Mothers of kids with Asperger Syndrome and all kinds of disabilities are always telling me they feel alone. I always reply, I’m not lonely – I’ve always got guilt as my constant companion!
That ugly “G” word – guilt; but guilt isn’t necessarily a bad thing. Guilt is my main motivator! One of the reasons other parents constantly tell me I’m such a great parent trainer is because I’ve done everything wrong at least one time. That’s how I know what to teach other parents. I learned the hard way. Guilt is what keeps me from making the same mistakes over and over again.
Yes, I know all the traditional wisdom taught about loving yourself and forgiving yourself and not allowing guilt to guide your life. I’ve just never been able to live that way, no matter how much I want to.
Yes, I rationally understand that I had no control over my kids’ personalities. I did all the “right” things when I was pregnant. While I don’t like it one bit, I do understand that there are just some things in life I can’t control. Being catapulted into the alternate universe of Asperger Syndrome is one of those things.
So what do I have to feel guilty over? It’s probably a lot easier to cover what I don’t feel guilty over, but I’ll attempt to share some things that make me feel guilty. First and foremost on the list, I feel guilty about the parenting my typical son received. That’s a hard one! How do you live over here in the alternate universe while keeping one foot firmly planted in the “real” world? It’s like splitting yourself in half.
Recently, my son with Asperger Syndrome introduced to one of his friends. He said, “Mom, I’ve been trying to tell her what my childhood was like. All I can remember is one big fight. So, what can you tell her, mom?” There’s that straight-arrow thinking and meticulous honesty again! I thought about it for a minute, and said, “Actually, that’s all I remember, too.” That straight-arrow landed square in the middle of my guilty heart.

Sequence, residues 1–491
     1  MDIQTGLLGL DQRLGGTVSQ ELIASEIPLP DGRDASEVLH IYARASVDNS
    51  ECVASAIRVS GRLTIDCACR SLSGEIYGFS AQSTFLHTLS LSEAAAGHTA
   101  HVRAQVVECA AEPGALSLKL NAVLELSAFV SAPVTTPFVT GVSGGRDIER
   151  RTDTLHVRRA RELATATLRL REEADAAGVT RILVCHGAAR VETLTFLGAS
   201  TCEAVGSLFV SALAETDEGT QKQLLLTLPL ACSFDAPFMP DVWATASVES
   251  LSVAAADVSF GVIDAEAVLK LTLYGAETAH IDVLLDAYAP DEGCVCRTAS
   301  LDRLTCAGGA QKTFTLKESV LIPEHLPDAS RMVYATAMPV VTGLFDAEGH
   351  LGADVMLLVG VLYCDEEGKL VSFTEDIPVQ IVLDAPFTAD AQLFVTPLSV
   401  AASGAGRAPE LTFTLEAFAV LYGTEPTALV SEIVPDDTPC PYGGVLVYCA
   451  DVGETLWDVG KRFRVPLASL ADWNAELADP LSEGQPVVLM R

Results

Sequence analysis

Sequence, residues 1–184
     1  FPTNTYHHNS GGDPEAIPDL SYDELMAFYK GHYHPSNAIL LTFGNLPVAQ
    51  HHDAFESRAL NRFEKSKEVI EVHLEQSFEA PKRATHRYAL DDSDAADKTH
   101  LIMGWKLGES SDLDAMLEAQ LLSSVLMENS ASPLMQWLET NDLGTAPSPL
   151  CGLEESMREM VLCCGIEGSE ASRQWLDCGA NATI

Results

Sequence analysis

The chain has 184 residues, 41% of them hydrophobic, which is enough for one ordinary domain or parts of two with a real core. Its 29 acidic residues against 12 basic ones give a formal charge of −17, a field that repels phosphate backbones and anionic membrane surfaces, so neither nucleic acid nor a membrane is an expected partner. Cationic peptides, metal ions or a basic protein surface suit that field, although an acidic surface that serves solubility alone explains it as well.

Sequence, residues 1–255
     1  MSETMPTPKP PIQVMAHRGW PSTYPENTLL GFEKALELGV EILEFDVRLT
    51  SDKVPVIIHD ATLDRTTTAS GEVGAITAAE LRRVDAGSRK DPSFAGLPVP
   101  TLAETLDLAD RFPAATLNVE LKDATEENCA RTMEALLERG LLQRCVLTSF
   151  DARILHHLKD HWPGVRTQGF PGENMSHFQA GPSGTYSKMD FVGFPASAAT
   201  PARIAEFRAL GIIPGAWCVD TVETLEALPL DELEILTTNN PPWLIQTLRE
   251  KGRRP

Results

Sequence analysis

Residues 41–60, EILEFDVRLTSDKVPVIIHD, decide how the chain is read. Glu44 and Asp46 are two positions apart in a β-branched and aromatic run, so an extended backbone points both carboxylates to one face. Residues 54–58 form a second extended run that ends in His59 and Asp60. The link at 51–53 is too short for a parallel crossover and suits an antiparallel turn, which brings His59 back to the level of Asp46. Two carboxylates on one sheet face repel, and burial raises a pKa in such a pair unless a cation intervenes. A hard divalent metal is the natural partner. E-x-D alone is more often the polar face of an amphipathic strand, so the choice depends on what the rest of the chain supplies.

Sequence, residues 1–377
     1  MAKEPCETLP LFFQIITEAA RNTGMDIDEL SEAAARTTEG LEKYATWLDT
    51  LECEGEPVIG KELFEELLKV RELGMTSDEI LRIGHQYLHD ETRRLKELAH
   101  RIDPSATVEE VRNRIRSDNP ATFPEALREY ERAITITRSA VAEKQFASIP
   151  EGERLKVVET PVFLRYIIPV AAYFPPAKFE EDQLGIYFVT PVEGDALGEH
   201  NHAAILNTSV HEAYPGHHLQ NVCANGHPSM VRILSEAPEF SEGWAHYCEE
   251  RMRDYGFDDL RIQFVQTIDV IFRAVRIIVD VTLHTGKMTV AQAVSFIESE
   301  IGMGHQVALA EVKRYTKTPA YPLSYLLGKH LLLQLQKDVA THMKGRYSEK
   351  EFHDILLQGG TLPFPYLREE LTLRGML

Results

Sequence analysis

Balance – such a touchy, guilty subject. It’s something every family who has a member with Asperger Syndrome works on every day. Let’s face it. There is a lot more for us to balance. There are therapies, ARD meetings, special behavior plans, daily schedules, medication management, and the list goes on and on. Then there is all the “real” world stuff to do. There’s work, the holidays, the other family members lives, and working to make everything “look” OK for all the people who love us.
The bottom line is guilt does no real good, except to make you vigilant and motivated. Although I don’t like my daily life on some days, I wouldn’t trade it. I couldn’t trade it even if I wanted to. So I might as well try to like it.
The only replacement for guilt is acceptance. When I choose to accept my life in the alternate universe, I seem to be filled with thankfulness and not so much guilt. Guilt subsides when I realize that I did all I knew to do at the time I did it. I cannot control what I don’t understand and neither can you.
My guilt will ever be with me, niggling me on, keeping me moving. So will my acceptance that this is my life now and it’s not such a bad place. It’s all about that balance.